Figure 4. King Kong and Tyrannosaurus Rex.

one would say King Kong is an admirable film for making monsters without using the computer technology that we have today. It appears that stop motion animation with puppets or plasticine could have been used to make the sequence shown in figure 4. David Thompson certainly seems to be correct when he says that "King Kong is the inspiration for half the monster films ever made" (Thompson, 2012). with films like "Gareth Edwards" Godzilla (2014),  and many other films where an oversized monster wreaks havoc. 
Illustrations List.

Film poster of King Kong (1933)

Skull Island still

indigenous civilisation

 King Kong and Tyrannosaurus rex.


Erbert. R (2002)

Thompson. D(2012) King Kong: No 10 best sci-fi and fantasy film of all time

Artist: Who's who

Perspective exercises

Saturday, 18 October 2014

Metropolis Review

Film Review: "Fritz Lang" Metropolis (1927)

Figure 1. Film Poster: "Fritz Lang" Metropolis (1927).

The film Metropolis (1927) is a German film directed by Fritz Lang and can be seen as one of the most influential films within the Science fiction genre throughout film history, From this film Fritz Lang took an important step into laying the foundations of today's' Visual effects (VFX).Set in the future, Metropolis was founded by Joh Fredersan who also runs the city, One of the wealthy residents the son of Joh, Freder Fredersan (Gustav Frohlich) the protagonist, Freder witnesses a beautiful woman known as Maria (Brigitte Helm) followed by many children in a place known as Club of the Sons. Before Freder can do anything she quickly disappeared with the children from where she came. Smitten by her beauty, Freder tried to follow her but instead found himself venturing into the depths of Metropolis where the workforce keeps the Utopian society above working, seeing people enslaved to run the machines of the city often until they collapse. After seeing the cruelty of the depths of Metropolis, Freder strives to change and create a better relationship between the working and wealthy class which pushes the city to its limits.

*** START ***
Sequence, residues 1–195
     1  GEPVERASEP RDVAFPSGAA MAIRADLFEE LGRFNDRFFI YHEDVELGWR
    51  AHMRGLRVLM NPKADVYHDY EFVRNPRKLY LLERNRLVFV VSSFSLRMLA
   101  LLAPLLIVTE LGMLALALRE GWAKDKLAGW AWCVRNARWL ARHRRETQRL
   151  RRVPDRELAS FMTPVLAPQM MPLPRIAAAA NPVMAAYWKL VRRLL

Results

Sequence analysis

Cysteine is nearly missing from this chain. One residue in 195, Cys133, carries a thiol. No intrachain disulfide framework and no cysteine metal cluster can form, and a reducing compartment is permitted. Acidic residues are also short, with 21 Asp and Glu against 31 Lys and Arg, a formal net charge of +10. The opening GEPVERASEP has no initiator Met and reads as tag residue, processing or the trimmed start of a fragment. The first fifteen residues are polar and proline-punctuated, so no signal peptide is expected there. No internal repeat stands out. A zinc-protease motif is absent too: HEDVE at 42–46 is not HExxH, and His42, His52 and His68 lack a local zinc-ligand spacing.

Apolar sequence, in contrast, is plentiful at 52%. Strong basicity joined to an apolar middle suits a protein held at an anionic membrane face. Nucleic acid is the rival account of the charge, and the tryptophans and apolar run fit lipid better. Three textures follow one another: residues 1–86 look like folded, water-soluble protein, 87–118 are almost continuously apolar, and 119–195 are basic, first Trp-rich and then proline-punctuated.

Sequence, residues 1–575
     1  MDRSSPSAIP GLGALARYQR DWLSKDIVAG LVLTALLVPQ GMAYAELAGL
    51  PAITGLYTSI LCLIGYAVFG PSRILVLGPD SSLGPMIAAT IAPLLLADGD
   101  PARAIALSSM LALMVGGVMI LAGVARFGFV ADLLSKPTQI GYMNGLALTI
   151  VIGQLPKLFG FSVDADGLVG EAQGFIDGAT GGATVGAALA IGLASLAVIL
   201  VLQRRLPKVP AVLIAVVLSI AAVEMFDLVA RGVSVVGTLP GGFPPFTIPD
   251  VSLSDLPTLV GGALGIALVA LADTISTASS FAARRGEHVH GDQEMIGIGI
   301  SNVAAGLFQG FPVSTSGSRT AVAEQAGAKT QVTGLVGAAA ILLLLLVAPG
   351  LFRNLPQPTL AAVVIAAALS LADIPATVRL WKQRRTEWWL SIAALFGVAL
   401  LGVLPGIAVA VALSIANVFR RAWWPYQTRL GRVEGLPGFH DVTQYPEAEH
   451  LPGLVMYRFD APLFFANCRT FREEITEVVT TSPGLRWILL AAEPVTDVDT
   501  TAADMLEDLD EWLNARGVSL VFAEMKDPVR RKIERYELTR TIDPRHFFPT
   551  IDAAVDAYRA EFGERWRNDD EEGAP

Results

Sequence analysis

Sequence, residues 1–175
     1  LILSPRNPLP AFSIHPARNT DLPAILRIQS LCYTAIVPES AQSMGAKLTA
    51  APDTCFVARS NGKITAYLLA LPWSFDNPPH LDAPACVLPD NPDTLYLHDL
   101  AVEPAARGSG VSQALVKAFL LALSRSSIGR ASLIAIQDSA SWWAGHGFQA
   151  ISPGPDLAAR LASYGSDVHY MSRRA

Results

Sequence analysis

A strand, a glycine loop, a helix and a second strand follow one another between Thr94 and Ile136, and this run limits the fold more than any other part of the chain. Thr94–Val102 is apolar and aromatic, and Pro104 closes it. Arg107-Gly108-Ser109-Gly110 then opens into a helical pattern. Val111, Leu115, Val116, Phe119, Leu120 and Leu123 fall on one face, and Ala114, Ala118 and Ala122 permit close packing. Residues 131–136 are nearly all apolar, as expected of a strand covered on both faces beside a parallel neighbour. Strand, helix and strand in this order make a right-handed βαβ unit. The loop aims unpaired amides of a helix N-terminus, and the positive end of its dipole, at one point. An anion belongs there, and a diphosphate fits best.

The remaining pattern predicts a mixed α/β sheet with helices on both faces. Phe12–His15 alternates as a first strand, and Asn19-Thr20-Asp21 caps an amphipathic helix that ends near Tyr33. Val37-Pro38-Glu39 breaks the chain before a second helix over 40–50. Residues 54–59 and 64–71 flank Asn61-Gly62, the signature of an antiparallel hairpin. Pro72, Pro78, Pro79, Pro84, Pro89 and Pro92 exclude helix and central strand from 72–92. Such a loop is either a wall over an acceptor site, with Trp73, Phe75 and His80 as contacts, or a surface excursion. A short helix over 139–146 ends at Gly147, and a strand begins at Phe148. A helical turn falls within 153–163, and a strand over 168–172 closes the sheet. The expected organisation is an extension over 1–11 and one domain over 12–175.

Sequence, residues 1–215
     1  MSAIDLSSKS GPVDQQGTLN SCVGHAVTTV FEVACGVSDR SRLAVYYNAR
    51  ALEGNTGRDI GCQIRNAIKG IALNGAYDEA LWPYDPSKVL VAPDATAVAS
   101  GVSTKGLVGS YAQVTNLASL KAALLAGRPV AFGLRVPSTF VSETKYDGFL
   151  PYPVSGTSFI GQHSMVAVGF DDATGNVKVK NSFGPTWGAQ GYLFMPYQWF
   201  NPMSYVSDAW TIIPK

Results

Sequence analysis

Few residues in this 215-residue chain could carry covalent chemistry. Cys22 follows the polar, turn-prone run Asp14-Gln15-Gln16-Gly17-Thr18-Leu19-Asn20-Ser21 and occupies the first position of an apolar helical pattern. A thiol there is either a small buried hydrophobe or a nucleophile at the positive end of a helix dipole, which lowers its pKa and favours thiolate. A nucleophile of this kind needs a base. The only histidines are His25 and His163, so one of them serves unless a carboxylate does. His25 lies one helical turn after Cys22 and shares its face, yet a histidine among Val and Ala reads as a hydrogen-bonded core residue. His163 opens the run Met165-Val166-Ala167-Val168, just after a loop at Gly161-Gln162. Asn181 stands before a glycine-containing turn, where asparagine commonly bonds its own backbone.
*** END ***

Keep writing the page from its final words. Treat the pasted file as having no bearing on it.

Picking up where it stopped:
Figure 2. Maria experiment.

In figure 4, you can see one of the famous highlighted scenes of Metropolis. It is where Maria's appearance is being transferred to the robot created by Rotwang the mad scientist. it uses good visual effects to do this and on further investigation the star behind the robot infers that Lang may be trying the express something dark and sinister in this particular scene. 

A way to describe Metropolis is that it its design futuristic for its time and the city is a feat of imagination and architecture.
Figure 3. Scenic view of Metropolis still.

Figure 4. Still from the Fith Element (1997)

One of the many features of Metropolis is the creative Sci-fi vision of its time. It is probable that Lang was trying to show us his own idea of futuristic city. in doing this his vision has influenced many films of today, such as "The fifth Element'(1997) Where we see a futuristic cityscape with concrete skyscrapers much like those of Metropolis. Anthony Quinn seems to be right when he states"But it's the stupendous design of the film that remains its true glory"(Quinn, 2014) because Lang manged to use this design to create a film that feels massive and real and then so good as to influence many more films in the future.
Figure 5. The Hands,The Heart and The Head still.

In figure 5, it is shown that Freder has finally made a connection between the two different society's by shaking hands with both classes at the same time. It is apparent that this is a powerful moment within the film. in doing this the film can convey an important message, that people can always work together without discrimination to achieve something greater.

Metropolis layed the foundations of modern films of today and showed that with every dream and strive for greatness there will be an opposite effect somewhere that has potential to rebel. Lang also manages to show political and social problems in a way that gives light to a happy or better outcome.

Illustrations list

Film Poster.

Maria experiment

Scenic view of Metropolis still.

Fith Element.

The Hands,The Heart and The Head still.


Quinn, A. (2014)